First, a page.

2 minutes ago, Ficto. said:

Monogamy is easy when one person fills all the needs you could possibly have, even if they're on the other side of the world. 

True :)

Though it makes it hard for those of us who are naturally predisposed towards variety/change (poly-) or who could never really get all their needs met by a single (or any number) of people.

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Pan Ficto. (on hiatus?)
3 minutes ago, Dreamsexual said:

Though it makes it hard for those of us who are naturally predisposed towards variety/change (poly-) or who could never really get all their needs met by a single (or any number) of people.

Wouldn't that make it easier because you can have multiple options at once? And if one person isn't meeting a specific need then another could meet that need for you? :o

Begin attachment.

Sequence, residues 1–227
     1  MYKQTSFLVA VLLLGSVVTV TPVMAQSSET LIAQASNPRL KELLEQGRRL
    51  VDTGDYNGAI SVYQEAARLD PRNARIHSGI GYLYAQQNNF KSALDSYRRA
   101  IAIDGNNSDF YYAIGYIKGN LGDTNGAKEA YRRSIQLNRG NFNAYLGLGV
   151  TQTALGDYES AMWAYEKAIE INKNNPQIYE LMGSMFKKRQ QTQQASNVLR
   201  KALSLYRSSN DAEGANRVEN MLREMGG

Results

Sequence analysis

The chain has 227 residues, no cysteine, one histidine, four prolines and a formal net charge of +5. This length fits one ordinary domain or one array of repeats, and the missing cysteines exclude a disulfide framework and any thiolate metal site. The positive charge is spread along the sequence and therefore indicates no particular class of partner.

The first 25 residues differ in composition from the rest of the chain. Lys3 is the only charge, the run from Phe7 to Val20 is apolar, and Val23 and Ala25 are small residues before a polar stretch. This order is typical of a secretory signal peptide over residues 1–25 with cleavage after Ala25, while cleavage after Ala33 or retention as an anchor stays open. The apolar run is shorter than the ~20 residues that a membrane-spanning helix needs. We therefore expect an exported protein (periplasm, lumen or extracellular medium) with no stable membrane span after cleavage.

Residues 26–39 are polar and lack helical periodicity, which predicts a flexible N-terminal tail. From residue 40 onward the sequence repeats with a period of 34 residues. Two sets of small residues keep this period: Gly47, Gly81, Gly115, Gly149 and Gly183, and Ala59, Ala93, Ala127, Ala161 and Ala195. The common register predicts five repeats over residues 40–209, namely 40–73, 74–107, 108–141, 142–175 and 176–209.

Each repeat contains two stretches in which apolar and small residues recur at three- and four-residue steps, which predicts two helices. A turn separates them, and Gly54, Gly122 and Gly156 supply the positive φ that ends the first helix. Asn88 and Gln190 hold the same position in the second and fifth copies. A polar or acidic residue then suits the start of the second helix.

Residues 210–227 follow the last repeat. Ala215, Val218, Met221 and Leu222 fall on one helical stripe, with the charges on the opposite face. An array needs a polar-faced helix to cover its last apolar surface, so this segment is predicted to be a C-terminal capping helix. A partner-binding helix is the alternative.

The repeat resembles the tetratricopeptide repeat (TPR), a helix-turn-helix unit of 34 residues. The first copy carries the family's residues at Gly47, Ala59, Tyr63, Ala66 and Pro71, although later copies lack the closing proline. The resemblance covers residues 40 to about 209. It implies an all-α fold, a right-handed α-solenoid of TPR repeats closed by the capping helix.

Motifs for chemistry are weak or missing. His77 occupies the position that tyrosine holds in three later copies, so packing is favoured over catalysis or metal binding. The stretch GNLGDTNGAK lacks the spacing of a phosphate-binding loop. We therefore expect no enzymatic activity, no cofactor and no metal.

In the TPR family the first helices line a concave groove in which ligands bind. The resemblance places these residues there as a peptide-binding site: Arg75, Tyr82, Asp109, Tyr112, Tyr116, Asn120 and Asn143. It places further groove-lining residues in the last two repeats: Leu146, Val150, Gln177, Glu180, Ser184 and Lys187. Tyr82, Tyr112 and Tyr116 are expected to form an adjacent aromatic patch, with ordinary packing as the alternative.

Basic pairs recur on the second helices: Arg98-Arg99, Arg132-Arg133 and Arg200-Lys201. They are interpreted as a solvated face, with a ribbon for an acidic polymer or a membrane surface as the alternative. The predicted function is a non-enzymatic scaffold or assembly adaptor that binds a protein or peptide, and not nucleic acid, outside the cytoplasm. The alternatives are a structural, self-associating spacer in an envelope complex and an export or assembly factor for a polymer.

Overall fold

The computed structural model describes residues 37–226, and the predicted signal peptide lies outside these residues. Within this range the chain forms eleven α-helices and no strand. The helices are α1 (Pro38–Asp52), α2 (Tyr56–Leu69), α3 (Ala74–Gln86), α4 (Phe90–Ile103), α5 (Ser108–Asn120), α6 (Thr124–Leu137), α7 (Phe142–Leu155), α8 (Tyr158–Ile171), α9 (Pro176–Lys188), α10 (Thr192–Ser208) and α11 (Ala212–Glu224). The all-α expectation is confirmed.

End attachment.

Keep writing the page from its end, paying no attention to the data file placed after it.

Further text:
Whereas when all your love and desire is tied up in one person things can go a bit haywire if they get a bit grumpy for a week or so or whatever and you have no one else to turn to!! Hah, as an innately monogamous person I always thought poly would be easier, but maybe that goes both ways. Like how people with curly hair almost always seem to wish for straight hair and people with straight hair almost always seem to wish for curly hair :P The grass is always greener on the other side, as they say!!

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Dreamsexual

You make good points! :)